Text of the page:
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A Method for Determining Size and Burial Depth of Landmines Using Ground-Penetrating Radar (GPR) Jay A. Marble, Veridian, Ann Arbor, MI Andrew E. Yagle,

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Presentation on theme: "A Method for Determining Size and Burial Depth of Landmines Using Ground-Penetrating Radar (GPR) Jay A. Marble, Veridian, Ann Arbor, MI Andrew E. Yagle,"— Presentation transcript:

1 A Method for Determining Size and Burial Depth of Landmines Using Ground-Penetrating Radar (GPR) Jay A. Marble, Veridian, Ann Arbor, MI Andrew E. Yagle, University of Michigan

2 OVERVIEW OF TALK GOAL: Size and burial depth of landmines USING: Ground-Penetrating Radar (GPR) METHOD: Range-Migration Alg. (RMA) VALIDATION: 10 signatures of actual Russian TM-62M landmines (Army MHK) RESULTS: Consistent ability to determine: burial depth; diameter; height of landmines

3 Objectives of Algorithm Avoid false alarms (use up ceramic disks) Depth important (mines at most 6” deep) Size important (used ordnance strewn over) Metal detectors not enough; need more specific information about possible mines

4 Battlefield Vehicle Prototype Army Night Vision Electronic Science GPR, metal detector, infrared camera Robot arm will mark mine locations with ceramic disks (arm is not shown at right)

5 Ground-Penetrating Radar (GPR) Mine Hunter/Killer: Designed by BAE; $:Army Night Vision Lab (Fort Belvoir VA) 20 transmit/receive antenna pairs in front 256 frequencies; 500 Mhz to about 2 MHz; stepped by 5 MHz

6 Depth Processing of Data Continuous-wave stepped-frequency response Direct measurement of transfer function Sample every 2 inches in vehicle motion direction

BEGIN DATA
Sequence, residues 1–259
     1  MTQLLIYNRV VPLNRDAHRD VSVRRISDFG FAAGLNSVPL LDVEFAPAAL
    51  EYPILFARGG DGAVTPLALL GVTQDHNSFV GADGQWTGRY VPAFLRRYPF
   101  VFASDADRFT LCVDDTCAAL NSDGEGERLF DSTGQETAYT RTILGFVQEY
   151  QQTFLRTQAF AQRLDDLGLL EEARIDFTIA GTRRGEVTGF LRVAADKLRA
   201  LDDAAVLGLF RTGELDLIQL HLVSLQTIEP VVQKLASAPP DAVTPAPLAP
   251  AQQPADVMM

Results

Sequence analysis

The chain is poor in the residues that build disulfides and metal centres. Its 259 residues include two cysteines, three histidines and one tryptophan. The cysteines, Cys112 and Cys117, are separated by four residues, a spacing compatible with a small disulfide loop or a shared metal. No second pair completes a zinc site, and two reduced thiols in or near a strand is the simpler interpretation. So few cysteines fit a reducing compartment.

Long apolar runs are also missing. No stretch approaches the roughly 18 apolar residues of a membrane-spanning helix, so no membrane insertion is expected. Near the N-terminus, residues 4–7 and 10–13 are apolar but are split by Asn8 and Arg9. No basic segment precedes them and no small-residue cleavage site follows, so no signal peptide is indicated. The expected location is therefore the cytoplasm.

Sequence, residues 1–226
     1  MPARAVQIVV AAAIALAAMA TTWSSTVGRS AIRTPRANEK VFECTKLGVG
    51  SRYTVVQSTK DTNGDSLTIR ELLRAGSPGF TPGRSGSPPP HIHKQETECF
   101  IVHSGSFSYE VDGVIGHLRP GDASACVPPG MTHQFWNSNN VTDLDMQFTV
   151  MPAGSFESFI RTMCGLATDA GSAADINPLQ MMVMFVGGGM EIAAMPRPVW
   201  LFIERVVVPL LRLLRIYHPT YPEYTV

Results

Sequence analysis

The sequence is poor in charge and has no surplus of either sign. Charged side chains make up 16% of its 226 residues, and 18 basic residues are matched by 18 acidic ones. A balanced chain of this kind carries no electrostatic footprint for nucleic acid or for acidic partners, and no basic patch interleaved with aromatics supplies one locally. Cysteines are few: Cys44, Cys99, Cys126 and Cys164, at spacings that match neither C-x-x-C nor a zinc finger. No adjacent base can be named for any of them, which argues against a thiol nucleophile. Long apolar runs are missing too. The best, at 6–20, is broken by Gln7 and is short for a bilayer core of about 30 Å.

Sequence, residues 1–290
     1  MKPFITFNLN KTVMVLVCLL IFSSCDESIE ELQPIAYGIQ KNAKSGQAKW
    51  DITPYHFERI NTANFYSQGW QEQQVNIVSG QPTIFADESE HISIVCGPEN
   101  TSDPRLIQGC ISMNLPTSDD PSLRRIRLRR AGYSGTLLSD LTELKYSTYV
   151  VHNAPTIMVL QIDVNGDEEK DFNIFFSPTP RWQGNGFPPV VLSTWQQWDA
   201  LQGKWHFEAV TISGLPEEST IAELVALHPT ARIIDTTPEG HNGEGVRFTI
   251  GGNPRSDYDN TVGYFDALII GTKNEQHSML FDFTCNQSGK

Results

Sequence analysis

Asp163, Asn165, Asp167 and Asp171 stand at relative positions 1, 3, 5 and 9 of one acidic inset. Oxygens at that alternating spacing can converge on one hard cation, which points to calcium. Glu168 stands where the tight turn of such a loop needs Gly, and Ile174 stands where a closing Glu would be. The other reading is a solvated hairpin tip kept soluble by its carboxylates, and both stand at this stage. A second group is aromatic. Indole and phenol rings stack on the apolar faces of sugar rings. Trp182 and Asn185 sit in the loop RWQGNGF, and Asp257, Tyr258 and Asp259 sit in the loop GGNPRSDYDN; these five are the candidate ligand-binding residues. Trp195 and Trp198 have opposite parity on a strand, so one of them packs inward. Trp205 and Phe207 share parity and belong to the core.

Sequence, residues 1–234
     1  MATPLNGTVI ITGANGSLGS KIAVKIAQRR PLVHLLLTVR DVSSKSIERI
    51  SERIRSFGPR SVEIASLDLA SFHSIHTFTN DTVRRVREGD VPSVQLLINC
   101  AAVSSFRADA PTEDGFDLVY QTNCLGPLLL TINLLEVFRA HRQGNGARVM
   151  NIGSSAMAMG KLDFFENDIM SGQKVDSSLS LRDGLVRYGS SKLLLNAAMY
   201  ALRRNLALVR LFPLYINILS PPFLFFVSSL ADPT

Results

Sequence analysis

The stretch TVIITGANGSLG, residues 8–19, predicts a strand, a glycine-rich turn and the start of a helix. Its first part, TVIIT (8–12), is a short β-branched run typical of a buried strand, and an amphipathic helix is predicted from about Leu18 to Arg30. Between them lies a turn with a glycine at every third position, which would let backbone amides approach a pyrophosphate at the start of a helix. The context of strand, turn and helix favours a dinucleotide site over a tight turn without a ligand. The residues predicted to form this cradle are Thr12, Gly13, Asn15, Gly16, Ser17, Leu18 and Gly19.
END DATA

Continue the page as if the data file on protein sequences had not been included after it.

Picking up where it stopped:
7 Fourier Transform (FFT) Response(frequency) is r(f): Dwell time (one f)=0.15us; Penetration depth=7m (ε=9) Step size so no depth aliasing=1.1 MHz

8 Hyperbola: azimuth (along track) Buried point target located at (x0,z0). Antenna located along track at (x,0).

9 Significance of Hyperbola Avoids false alarms due to clutter and noise Stratified ground appears as straight line Hyperbola indicates real, localized target Hyperbola indicates its depth, as well

10 Range Migration Algorithm (RMA) Originally: Seismic imaging for oil domes “Migration” since images in raw data are “migrated” to their correct locations Later: adapted to SAR by Italians Frequency-domain migration: 1978 (Stolt)

11 Range Migration Equations D(kx,kz)=R(kx,w)=2-D space-time Fourier of r(x,t)

12 RANGE MIGRATION ALGORITHM: DIAGRAM

13 Experimental Validation: Data TM-62M anti-tank mine; buried 4”-8” 6” high=3 for 500 MHz-2 GHz Measured signature in Virginia clay (lossy) from MH/K above System calibration off

14 Experimental Validation: Result Image: top and bottom of mine (7” apart, 10” long) Shadow region between (radar can’t penetrate mine) Depth of top line=6”=correct depth of buried mine Need to estimate permittivity so flat top & bottom Thresholding for binary image makes image clearer

15 Experimental Validation: Result #med Depth Width Height signatures from same TM-62M mine using MH/K Fairly consistent (a few outliers); biased slightly high Unknown ground truth permittivity a likely problem: Different in free space, underground, in mine itself

16 Present Work on Landmines Issue: detection performance post-migration (easier to look for parallel straight lines) vs. detection performance w/pre-migration data (harder to look for hyperbolae, but apply to raw data before migration processing) Issue: how to look for lines or hyperbolae Issue: how to combine with other modalities

17 Determine size and depth of landmines using GPR as part of a multimodal detection algorithm Range Migration and phase compensation; Stoltz interpolation Successful detection of Russian mines buried in field from NVESD MH/K

18 RANGE MIGRATION ALGORITHM: EXPERIMENT Army NVESD MH/K USSR TM-62 LAND MINE Point-spread responseImaging a single point

19 RANGE MIGRATION ALGORITHM: RESULTS TM-62 measured (6” depth)TM-62 binary reconstructed


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